We all have to deal with many people in our day-to-day lives. Some people are a joy to interact with and some are….not as enjoyable.
Have you ever had the experience of getting a phone call from someone and cringing because you know you’re going to be trapped listening to an account of all the negativity in their life? Or you see a familiar person and think: Oh, brother. Here comes so-and-so. They’re always so negative, complaining about everything from the weather to politics. Now their negativity is going to put me in a bad mood. Then you play your usual role, listening to his or her complaints, nodding your head in silence or adding a complaint of your own just to say something. Afterwards, your energy is low and you’re blaming the person for bringing you down with negativity that you believe they forced on you.
What if…the person is not really the problem, but rather the problem is the story we are telling ourselves (and others) about the person? Our feelings toward negative people stem from our expectation of them doing something or acting in some way we don’t want them to. Perhaps the complaining is an attempt to connect. Think of a time when you’ve joined in on the Complain Game, or gossiped about or teased someone. What was your motivation for doing that? Did you want to connect with the other person or gain attention? Were you unable to think of anything else to say and this is what “people like them” talk about? Maybe s/he isn’t used to employing positivity for connection and is just doing what s/he knows how to do…complain.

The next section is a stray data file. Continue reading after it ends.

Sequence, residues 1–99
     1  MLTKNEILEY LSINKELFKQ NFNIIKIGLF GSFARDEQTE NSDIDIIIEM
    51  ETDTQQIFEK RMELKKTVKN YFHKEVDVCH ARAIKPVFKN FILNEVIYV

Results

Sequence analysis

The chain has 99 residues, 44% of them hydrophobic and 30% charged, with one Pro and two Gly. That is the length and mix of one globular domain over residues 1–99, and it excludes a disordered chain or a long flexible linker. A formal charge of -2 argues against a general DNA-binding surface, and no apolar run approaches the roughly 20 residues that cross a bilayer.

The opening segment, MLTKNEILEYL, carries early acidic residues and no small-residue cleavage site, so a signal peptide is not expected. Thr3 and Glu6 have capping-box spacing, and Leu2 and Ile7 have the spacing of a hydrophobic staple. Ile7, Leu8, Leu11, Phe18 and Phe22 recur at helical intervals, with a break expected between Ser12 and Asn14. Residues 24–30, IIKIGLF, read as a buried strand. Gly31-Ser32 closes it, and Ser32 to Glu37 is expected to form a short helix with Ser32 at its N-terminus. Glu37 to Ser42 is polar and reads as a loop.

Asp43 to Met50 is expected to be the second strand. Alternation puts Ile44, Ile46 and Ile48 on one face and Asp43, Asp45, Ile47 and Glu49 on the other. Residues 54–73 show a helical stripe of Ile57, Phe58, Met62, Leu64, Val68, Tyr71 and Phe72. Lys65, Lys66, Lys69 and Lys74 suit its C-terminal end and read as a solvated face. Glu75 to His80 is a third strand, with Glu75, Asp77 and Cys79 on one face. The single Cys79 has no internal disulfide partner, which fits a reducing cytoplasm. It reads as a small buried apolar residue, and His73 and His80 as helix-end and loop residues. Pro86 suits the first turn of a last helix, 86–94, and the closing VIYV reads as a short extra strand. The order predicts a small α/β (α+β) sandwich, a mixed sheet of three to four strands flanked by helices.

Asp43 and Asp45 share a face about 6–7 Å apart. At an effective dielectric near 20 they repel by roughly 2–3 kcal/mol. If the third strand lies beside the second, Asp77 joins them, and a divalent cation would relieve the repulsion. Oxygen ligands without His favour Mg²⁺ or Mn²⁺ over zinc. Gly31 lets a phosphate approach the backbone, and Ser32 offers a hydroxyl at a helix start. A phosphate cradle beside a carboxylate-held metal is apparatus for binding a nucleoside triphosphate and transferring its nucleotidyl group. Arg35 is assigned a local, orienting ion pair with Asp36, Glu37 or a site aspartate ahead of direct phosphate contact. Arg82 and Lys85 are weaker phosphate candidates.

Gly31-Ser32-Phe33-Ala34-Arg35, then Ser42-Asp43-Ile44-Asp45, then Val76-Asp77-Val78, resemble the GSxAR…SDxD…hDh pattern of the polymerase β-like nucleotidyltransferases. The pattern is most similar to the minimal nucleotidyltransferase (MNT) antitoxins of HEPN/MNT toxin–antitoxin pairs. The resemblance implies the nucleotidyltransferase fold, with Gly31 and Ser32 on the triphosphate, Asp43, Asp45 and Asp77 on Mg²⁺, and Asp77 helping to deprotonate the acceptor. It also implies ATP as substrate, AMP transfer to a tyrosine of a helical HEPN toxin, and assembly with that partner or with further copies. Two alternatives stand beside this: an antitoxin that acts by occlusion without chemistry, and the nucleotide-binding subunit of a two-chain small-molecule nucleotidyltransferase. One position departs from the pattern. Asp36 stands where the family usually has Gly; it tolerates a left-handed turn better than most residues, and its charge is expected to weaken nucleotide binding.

What if you changed your story about negative people in your life? Find something positive about the person and develop that thought. Or just focus on how great you feel and all the things you are grateful for. If you know they have a topic that sets them off on a tirade or pity party, don’t bring it up. There are other ways to show politeness, care, or interest than by asking a person, who loves to complain about their bad back, how it’s feeling! Rather, start a conversation about something that makes them smile or gets them excited to talk about, like how well their child is doing in school or their upcoming vacation. It will be harder for them to be negative if you are inviting them to talk about happy subjects.
Everyone has the ability to be many things, just like you. So allow people that are often negative the chance to show their other (positive) sides. And remember, you don’t have to engage your emotions when a person acts in a way you see as negative. When we get frustrated, annoyed, or irritated by someone, that means we have placed an interpretation or judgment on them. Try being a scientist, detachedly observing the results of a test subject. You can just say to yourself, hmmm, that’s interesting.
You can choose whether to allow someone to “bring you down.” It may take some practice, but the more you reframe your perspective around “negative” people, the more you will realize you have the power to choose your experience of them. How wonderful is that?